Traveling completely around the world to a dingy tea room in an bustling town to hear the story of her father.

How! How? How?!

And that is this story.

Built on impossible odds in improbable situations a love that knew no ends was created. And Julia alone was there to hear the story.

Her father, Tin Win was blind as a child - what?  - and fell deeply and completely in love with Mi Mi - wh0? - a beautiful girl with deformed feet.

As a pair they explored the town and countryside where they lived - Tin Win carrying Mi Mi on his back and Mi Mi navigating through the Burmese terrain.  How???  Partly because Tin Win had learned to listen at a depth unheard of.  He had learned to simply be and hear the whosh of a bird's heartbeat inside an egg, the slish of a snake under a log and Mi Mi became his eyes to prove he truly heard.

Then all changed when Tin Win was moved to the city for surgery and eventually to the States to work. His hearing became unnecessary,  he could see.  

And his life moved on into the western world.

But -  he was always listening for Mi Mi's heartbeat.

I know that because...well I don't want to say anything.  But he was listening!

This is an engaging tale, interesting and easy to read.

But, to really 'get' it takes some quiet and some focus.

I think that would have made Tin Win happy!


Friday, June 27, 2014

City of Lost Souls and City of Heavenly Fire by Cassandra Clare

image from LibraryThing
I love a good series almost as much as I love a
Image from Library Thing
big fat novel.  Cassandra Clare has met both of my requirements!  These are the last two books in the Mortal Instruments series.  In the midst of these books she also wrote the Infernal Devices series that is a prequel to these, and in an absolutely wonderful way is not completely a prequel!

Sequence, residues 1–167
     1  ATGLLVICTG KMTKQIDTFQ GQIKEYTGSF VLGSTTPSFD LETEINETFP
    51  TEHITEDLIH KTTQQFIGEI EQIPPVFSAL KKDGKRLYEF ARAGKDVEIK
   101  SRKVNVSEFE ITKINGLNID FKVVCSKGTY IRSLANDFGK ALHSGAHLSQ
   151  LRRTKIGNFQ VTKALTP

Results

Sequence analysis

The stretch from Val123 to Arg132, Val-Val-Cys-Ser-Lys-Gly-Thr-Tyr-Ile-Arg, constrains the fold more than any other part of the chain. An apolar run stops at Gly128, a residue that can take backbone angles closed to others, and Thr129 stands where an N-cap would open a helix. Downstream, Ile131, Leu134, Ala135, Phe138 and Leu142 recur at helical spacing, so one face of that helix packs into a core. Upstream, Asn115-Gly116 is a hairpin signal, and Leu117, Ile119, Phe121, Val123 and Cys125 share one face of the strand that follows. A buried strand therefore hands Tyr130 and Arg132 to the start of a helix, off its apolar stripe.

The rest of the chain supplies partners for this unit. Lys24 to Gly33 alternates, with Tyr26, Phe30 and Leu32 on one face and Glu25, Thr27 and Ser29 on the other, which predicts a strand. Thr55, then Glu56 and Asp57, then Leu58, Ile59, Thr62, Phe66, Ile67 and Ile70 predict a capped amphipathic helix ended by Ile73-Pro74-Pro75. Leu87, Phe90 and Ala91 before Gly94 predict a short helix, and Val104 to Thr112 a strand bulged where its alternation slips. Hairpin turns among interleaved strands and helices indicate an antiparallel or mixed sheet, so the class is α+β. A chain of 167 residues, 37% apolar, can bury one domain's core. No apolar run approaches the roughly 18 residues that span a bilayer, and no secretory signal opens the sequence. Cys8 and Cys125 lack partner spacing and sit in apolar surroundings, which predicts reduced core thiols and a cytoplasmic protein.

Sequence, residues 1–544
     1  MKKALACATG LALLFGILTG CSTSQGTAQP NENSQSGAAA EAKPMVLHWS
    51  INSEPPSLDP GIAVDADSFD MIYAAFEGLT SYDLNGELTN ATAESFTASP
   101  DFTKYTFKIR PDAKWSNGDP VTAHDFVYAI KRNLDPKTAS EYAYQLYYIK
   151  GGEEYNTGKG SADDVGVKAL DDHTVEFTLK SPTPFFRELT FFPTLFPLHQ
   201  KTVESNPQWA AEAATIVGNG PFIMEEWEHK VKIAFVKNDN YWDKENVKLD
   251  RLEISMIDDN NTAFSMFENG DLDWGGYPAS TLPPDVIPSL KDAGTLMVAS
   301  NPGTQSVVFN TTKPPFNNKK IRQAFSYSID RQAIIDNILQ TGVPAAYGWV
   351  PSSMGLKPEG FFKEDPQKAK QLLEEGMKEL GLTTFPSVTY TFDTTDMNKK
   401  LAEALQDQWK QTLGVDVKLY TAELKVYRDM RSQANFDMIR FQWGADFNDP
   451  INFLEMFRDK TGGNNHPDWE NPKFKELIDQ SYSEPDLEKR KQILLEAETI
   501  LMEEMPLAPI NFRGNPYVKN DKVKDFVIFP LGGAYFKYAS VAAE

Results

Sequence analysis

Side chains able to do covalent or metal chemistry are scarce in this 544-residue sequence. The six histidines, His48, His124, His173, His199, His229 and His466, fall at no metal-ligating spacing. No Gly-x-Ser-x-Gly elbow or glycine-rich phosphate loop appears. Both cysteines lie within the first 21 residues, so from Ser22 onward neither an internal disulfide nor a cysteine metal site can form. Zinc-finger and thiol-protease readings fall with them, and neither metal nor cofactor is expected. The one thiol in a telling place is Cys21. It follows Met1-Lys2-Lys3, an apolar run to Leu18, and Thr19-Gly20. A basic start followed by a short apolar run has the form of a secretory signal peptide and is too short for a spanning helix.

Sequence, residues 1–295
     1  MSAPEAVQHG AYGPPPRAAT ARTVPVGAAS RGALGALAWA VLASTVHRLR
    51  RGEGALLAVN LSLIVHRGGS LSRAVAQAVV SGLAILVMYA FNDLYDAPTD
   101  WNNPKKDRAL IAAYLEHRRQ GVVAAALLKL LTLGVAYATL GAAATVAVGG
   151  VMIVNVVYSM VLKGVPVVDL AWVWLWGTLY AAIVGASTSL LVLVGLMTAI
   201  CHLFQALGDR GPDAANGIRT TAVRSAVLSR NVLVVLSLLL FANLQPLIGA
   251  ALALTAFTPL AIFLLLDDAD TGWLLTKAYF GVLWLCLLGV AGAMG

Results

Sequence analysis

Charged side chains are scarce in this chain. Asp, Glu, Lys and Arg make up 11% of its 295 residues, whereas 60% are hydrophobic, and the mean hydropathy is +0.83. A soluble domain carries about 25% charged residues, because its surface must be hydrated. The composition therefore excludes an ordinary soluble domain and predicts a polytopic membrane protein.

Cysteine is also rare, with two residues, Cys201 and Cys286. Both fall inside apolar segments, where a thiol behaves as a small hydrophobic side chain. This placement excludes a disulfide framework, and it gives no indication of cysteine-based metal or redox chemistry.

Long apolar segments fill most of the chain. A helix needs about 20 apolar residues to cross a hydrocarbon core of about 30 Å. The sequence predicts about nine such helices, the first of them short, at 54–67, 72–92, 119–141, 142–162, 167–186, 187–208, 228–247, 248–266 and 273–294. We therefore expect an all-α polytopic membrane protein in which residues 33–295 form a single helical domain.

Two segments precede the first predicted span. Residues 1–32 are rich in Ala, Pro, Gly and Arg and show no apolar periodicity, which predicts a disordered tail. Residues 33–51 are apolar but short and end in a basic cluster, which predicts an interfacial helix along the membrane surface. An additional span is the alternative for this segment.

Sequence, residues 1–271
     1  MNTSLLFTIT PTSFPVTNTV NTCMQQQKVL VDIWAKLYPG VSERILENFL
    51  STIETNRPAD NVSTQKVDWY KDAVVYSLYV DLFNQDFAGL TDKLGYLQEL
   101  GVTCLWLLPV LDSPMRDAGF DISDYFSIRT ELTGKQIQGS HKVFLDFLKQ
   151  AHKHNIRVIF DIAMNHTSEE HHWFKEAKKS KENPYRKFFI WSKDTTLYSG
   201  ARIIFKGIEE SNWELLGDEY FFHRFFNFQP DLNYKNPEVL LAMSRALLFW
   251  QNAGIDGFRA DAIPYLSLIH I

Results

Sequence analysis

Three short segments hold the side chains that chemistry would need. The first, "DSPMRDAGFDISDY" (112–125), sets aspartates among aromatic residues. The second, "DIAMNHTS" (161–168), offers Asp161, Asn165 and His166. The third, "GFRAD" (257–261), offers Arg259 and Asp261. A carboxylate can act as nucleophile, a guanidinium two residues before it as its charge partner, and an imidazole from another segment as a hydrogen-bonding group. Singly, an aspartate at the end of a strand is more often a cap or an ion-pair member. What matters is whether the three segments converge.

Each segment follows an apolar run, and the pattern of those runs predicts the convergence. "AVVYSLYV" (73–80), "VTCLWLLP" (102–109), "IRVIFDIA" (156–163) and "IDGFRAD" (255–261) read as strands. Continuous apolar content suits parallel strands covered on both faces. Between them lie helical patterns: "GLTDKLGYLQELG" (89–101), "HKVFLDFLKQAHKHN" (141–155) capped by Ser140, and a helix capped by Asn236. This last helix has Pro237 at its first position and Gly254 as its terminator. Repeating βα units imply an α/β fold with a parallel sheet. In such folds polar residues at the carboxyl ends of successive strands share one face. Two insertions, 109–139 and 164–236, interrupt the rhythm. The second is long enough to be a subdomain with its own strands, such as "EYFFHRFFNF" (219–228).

These books tell the story of Clary Fray and Jace Herondale - both Shadowhunters. In this earth the world is defended from demons by Shadowhunters descended from angels.  And the world is threatened by Clary's evil brother Sebastian - I am not talking run of the mill evil - but demon spawn, everything is turned on it's head and life as we know it will end when he gets control evil!

As usually happens in YA lit - the teens save the day.  And there is a bit of romance - between a werewolf and a shadowhunter, between a shadowhunter and a warlock and between Clary and Jace! Sometimes that can be annoying - but in these I was ok with it.  It's mostly longing and wondering and hoping.  The cover art makes it look much hotter than it actually is!!!

This is a complicated story - one that takes hundreds of pages and multiple books to roll out...and I loved every minute of it! Watching these awkward mundanes (non-magical or not yet magical) teens grow up on the pages of the book. In that way it reminded me of Harry and Ron and Hermoine.  The hope of every teen to be something amazing and the horror of every teen to be something amazing all rolled up together.

I highly recommend these books!  and in typical series fashion - at the end of this one is a small tidbit of the next series.  The twist Clare makes is each series is intertwined and foreshadowed!  I LOVE THAT!! I would love to see her planning notes.  How does she keep it all straight??  I stand in awe of writers who are able to craft a story in the way she does!  Bravo!!



Monday, June 9, 2014

The Round House by Louise Erdrich

image from LibraryThing
Joe's life is about to end on a sunny, spring, Sunday afternoon as he quietly pulls sprouts out of the foundation of his family's home.  He is helping his judge father while him mother does a little work at the reservation office.  But, she doesn't come home.  And when she does nothing will ever be the same again.

His mother has been attacked and escaped with her life.  But, she slips into a deep, dark depression as Joe and his father struggle to figure out what happened, who the attacker could be and how to be a 13 year old boy whose very normal life has disappeared.